The Importance of Setting

By Brian Francis

On November 1, as part of the IFOA Delegate programme, I attended a roundtable discussion about the importance of book setting. The panel featured writer David Bergen (Leaving Tomorrow), Richard Wagamese (Medicine Walk), Christos Tsiolkas (Barracuda) and was moderated by Lewis DeSoto (The Restoration Artist).

Richard Wagamese, David Bergen, Christos Tsiolkas and Louis DeSoto

Richard Wagamese, David Bergen, Christos Tsiolkas and Louis DeSoto ©ifoa.org/Ricky Yu

One mistake that aspiring authors sometimes make is not paying close enough attention to the setting of their stories. But an evocative setting is crucial to a story’s success. After all, if you can’t create a believable world that your characters inhabit, how will readers believe in those characters?

Setting can play such an important role in your story that it can even become, as Lewis DeSoto pointed out, an extension of a character. Setting can even be a character, providing the obstacle your characters need to overcome. Think blizzards, jungles and shopping malls during holiday season.

But setting is more than the physical location. As David Bergen pointed out, setting is also how people speak, how they talk, the cars they drive. Often, it’s not about the physical setting but its nuances that contribute to creating a believable backdrop for your readers.

When it comes to researching your setting, the panel agreed that while Google comes it handy, it doesn’t provide the sensory details you need in order to truly capture your setting. You, as the writer, need to experience your settingthe smells, the landscape, its inhabitantsif you want to create a believable place that will captivate the imaginations of your readers.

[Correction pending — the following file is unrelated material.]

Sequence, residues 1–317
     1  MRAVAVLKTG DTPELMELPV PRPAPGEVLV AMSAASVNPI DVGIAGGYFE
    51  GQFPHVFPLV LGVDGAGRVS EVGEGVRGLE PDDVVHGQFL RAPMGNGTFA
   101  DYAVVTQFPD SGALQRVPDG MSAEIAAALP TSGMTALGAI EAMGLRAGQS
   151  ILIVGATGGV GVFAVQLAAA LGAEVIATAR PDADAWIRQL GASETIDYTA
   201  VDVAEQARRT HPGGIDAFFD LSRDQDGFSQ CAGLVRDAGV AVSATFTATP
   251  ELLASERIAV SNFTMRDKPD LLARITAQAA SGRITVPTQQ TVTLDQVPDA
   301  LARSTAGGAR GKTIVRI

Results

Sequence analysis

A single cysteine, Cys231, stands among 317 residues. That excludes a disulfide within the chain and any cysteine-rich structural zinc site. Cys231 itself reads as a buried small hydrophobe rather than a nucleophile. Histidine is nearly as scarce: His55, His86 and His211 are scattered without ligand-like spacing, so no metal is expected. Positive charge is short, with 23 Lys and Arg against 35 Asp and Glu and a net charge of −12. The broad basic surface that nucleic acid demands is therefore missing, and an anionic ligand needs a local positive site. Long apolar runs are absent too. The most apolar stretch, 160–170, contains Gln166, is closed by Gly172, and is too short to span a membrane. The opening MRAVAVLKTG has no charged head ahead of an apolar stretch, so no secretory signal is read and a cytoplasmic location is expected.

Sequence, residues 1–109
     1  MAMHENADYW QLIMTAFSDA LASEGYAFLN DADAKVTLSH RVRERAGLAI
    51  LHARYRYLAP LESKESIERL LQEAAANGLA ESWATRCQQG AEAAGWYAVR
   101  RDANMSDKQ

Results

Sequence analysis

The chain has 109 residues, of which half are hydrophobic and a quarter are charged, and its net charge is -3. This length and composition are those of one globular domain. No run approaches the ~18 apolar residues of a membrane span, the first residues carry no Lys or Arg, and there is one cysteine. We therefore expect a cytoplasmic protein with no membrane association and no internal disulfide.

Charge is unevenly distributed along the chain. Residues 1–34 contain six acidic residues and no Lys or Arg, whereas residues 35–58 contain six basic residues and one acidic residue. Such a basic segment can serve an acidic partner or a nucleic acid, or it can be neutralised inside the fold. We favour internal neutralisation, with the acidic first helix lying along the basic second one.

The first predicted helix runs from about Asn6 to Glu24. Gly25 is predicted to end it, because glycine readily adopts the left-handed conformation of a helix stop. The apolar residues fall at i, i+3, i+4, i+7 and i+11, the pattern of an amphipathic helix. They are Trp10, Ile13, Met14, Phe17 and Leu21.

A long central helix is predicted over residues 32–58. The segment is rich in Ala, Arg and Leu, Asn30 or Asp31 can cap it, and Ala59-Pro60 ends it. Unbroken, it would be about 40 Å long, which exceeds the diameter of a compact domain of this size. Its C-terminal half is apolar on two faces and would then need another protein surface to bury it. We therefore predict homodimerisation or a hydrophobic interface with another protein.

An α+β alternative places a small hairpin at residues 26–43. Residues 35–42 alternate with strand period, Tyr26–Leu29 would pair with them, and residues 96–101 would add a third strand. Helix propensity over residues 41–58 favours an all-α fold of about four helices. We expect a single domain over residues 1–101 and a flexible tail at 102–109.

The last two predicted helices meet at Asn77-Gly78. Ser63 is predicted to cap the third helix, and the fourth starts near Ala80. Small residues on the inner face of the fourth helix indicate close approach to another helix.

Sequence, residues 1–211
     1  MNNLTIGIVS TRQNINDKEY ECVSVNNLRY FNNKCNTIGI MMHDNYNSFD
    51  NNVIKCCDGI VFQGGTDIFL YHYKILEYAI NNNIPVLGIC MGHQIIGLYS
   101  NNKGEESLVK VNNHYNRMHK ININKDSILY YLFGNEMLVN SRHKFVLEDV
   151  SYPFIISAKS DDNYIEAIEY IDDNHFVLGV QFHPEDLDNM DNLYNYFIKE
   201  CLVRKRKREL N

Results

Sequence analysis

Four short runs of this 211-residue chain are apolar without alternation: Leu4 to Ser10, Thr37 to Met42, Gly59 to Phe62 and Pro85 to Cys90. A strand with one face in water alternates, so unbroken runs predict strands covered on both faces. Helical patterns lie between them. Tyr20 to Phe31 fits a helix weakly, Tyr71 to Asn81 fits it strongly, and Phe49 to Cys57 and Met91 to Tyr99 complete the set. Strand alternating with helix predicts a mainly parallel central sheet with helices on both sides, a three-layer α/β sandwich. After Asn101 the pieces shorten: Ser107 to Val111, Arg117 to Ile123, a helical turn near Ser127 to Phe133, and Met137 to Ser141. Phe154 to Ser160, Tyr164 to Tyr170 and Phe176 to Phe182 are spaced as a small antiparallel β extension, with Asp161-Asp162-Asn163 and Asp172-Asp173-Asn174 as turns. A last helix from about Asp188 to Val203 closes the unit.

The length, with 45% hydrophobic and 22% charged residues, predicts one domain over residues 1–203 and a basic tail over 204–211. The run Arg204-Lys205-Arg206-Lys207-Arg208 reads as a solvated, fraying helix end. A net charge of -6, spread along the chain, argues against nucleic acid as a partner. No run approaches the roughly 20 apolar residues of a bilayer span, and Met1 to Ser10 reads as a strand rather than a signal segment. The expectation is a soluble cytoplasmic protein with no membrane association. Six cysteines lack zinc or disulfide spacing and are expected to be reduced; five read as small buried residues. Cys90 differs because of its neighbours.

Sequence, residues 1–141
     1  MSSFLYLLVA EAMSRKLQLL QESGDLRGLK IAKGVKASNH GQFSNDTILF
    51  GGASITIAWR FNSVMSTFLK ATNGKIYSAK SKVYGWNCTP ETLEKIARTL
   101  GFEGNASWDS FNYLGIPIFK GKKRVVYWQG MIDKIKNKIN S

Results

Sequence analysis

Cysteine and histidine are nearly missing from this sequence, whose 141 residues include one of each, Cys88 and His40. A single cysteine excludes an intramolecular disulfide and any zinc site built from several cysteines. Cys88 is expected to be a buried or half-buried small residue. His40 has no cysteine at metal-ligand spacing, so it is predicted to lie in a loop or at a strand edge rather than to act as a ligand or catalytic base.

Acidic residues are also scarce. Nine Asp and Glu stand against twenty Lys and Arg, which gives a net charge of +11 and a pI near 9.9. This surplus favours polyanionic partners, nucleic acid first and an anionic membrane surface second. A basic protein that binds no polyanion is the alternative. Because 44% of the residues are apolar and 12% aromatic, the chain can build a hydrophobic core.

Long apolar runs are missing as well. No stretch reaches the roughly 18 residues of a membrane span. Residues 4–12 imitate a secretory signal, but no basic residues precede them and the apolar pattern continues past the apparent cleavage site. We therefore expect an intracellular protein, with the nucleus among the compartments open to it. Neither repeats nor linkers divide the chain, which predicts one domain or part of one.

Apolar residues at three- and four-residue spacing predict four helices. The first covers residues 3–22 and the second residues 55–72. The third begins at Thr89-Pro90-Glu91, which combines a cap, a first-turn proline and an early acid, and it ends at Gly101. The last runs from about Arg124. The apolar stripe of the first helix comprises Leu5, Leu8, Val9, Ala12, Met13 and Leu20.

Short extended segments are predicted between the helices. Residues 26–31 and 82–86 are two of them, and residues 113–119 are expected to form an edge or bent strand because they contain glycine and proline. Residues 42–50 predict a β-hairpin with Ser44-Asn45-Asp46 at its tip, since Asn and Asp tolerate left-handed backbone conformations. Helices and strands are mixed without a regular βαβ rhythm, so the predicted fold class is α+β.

Brian Francis’ most recent novel, Natural Order, was selected by the Toronto Star, Kobo and Georgia Straight as a Best Book of 2011. His first novel, Fruit, was a 2009 Canada Reads finalist. Francis is also an IFOA Delegate.

Five Questions with… Stacey Madden

Stacey Madden, author of Poison Shy, will participate in a Sunday, October 21 round table discussion called Novelists for a New Age.

IFOA: What are you reading right now?

Madden: I just finished reading The Slap by Christos Tsiolkas, which is a brilliant novel. I keep hearing that the Australian television miniseries is excellent as well, but I have this silly rule in which I refuse to watch anything adapted for the screen if I really enjoyed the book.

IFOA: What do you and your Poison Shy protagonist Brandon Galloway have in common? In what ways are you different?

Madden: Brandon and I have two things in common — our ages (he’s 29, I’m 30), and our solitary natures. We differ in a number of ways. Brandon dropped out of university and ended up working in pest control; I spent seven years completing two degrees and I work part-time at a book shop. Brandon’s mother is schizophrenic; my mother is very much sane. Brandon is an only child; I’m the eldest of four. Brandon is a bit of a loser, and I’m. . .well, I guess we have that in common too.

IFOA: What’s one thing you wish someone had told you five years ago?

Madden: Don’t sunbathe naked in the hot Dominican sun.

IFOA: If you could time travel, where and when would you go, and why?

Madden: I would put my time machine in storage, wait until my first cardiac arrest (which hopefully doesn’t kill me), then use it to travel back to my early twenties so I can be young and reckless all over again.

IFOA: Finish this sentence: The Internet is…

Madden: …both a useful promotional tool, and an assault to the very existence of privacy.

IFOA: Bonus question: International Festival of Authors in one word:

Madden: Full-bodied.